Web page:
Honolulu city officials are looking to change the way they award construction contracts, so instead of being automatically awarded to the lowest bidder, construction projects would be given to companies with records of on-time performance and good workmanship.
Current state procurement law requires the counties to award construction projects to companies that bid the least amount of money, regardless of their track record.
"We are forced to deal with the lowest bidder. And that's not necessarily the best in all situations," said Lori Kahikina, who heads the city's design and construction department, which oversees building and renovation of city facilities on Oahu.
Kahikina said her department and the city budget department are looking at changing the procurement procedure, so each contractor would submit two envelopes with their bid. The first would contain their qualifications and the second envelope would list their dollar price bid.
"There would be a selection committee that would look at the first envelope first and weed out the contractors that are not qualified," Kahikina said.
City purchasing officials would open the second set of envelopes with the bid amount, considering only those bids from contractors with good track records.
"So it's not strictly low bid. There is quality, best value looked at," Kahikina said.
Kahikina said the state legislature may need to change state procurement law to allow this type of change when it convenes later this month.
Councilwoman Tulsi Gabbard supports such a move so that the city does not have ?contractors coming in artificially bidding low, so they get the contract and they either end up taking too long or they don't meet the intent of the project and in the end it ends up costing taxpayers a lot more money."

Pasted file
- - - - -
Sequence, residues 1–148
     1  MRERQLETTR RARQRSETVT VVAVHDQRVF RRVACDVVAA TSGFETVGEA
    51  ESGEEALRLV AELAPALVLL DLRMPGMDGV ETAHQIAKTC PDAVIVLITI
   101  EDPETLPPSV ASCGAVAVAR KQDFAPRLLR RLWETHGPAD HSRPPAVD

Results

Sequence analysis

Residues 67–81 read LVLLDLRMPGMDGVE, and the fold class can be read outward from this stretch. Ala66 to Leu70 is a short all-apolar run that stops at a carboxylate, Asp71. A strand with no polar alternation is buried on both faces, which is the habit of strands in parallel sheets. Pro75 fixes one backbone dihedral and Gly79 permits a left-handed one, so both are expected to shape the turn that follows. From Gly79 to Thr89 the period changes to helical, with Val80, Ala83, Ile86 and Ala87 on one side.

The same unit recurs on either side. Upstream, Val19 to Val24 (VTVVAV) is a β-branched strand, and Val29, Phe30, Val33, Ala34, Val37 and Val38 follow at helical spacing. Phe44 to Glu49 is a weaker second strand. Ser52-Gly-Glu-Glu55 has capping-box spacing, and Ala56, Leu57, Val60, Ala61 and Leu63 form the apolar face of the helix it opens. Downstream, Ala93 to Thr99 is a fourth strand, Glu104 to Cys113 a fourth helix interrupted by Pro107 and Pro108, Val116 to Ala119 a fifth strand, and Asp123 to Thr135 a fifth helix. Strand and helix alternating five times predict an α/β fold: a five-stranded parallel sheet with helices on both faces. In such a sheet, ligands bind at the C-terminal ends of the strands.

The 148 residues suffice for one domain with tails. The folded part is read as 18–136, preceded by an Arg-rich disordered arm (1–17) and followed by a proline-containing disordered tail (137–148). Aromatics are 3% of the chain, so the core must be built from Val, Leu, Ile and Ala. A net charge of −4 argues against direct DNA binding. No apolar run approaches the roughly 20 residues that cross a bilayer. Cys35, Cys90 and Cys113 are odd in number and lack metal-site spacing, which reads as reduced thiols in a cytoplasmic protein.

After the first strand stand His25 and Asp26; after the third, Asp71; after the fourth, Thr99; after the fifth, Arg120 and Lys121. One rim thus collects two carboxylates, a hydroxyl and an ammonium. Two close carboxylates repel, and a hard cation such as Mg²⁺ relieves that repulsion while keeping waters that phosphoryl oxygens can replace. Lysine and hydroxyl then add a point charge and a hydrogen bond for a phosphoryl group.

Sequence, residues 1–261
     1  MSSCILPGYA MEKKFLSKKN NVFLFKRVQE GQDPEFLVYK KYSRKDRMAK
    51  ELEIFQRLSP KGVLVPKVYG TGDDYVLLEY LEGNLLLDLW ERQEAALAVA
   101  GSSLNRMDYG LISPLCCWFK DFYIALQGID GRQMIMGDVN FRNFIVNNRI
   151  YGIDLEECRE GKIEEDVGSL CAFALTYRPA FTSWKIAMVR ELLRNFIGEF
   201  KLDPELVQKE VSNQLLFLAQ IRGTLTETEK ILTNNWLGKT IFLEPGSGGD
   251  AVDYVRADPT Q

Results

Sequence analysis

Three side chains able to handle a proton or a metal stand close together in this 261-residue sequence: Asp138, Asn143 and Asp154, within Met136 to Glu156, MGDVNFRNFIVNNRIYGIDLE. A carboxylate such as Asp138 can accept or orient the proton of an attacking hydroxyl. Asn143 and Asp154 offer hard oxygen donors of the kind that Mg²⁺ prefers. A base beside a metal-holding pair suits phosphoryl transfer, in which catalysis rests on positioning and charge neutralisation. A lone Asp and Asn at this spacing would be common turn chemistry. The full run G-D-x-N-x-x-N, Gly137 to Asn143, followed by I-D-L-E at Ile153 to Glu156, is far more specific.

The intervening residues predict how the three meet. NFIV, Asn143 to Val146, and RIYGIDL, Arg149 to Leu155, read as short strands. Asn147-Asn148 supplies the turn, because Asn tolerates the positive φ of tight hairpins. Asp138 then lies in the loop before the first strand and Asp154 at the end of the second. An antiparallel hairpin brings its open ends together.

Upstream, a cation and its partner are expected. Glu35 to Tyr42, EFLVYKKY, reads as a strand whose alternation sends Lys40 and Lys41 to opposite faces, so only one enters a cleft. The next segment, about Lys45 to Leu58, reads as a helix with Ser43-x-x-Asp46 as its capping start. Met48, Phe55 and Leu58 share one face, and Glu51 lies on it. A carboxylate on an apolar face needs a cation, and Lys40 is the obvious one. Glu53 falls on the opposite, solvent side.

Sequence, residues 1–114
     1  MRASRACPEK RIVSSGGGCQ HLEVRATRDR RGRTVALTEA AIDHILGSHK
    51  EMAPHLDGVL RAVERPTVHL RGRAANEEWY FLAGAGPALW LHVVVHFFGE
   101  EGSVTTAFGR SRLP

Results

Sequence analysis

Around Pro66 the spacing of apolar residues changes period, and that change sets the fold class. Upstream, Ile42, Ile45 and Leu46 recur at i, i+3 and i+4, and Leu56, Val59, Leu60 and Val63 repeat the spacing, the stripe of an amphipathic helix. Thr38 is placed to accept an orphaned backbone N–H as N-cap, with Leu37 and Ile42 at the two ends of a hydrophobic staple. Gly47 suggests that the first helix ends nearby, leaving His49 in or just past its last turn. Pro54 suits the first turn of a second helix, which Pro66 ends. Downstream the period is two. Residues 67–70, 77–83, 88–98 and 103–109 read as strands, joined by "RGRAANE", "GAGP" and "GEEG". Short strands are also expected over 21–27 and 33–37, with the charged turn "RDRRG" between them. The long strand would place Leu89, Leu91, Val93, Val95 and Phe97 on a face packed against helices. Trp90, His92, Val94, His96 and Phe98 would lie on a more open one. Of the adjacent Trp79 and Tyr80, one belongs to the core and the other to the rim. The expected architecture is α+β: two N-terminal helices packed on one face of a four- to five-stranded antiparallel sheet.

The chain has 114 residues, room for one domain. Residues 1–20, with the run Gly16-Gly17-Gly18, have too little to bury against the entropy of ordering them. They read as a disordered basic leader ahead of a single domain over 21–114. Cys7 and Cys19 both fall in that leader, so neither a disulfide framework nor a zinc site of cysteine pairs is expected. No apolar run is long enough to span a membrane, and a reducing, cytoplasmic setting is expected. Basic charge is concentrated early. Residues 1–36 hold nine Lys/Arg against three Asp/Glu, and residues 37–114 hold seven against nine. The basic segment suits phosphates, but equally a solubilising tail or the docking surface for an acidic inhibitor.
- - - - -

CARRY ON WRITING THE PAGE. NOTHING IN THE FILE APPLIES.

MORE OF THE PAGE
"It goes back to keeping records and making sure that things are documented. If there are these problems, that they are documented and that the departments are talking to each other," said Gabbard, who represents Downtown Honolulu, Punchbowl, Nuuanu and Liliha.
As an example of the problem, Gabbard points to the new Ewa gym project being built off Renton Road by a company that was the low bidder, a company called 57 Builders.
The Ewa project has run into several problems and the city now plans to fine the contractor thousands of dollars because it will be at least one month late in finishing the job, according to Kahikina.
The general contractors association supports changing the bidding procedures, Kahikina said.
Pacific Resource Partnership, a lobbying group funded by the Carpenters Union, also likes the idea.
"You should also look at have they performed work in Hawaii and have they done a good job? Have they fulfilled their contract in the time they said they would. Have there been problems with the project after the construction was done?" said John White, executive director of Pacific Resource Partnership.
People familiar with the city procurement process said adding subjective evaluation criteria like whether a certain company has done a good job on a city construction project could lead to more bid protests by losing bidders in the future, slowing down the bidding process.
But city officials said they need to try to do something to improve the quality of workmanship on city jobs.
If the city puts out a project to bid, it must be awarded to the lowest bidder. But if the city uses the request for proposals process, asking for RFPs, as they are called, officials can award contracts to the consultant or company considered best qualified. And RFPs are not automatically awarded to the lowest bidder, city officials said.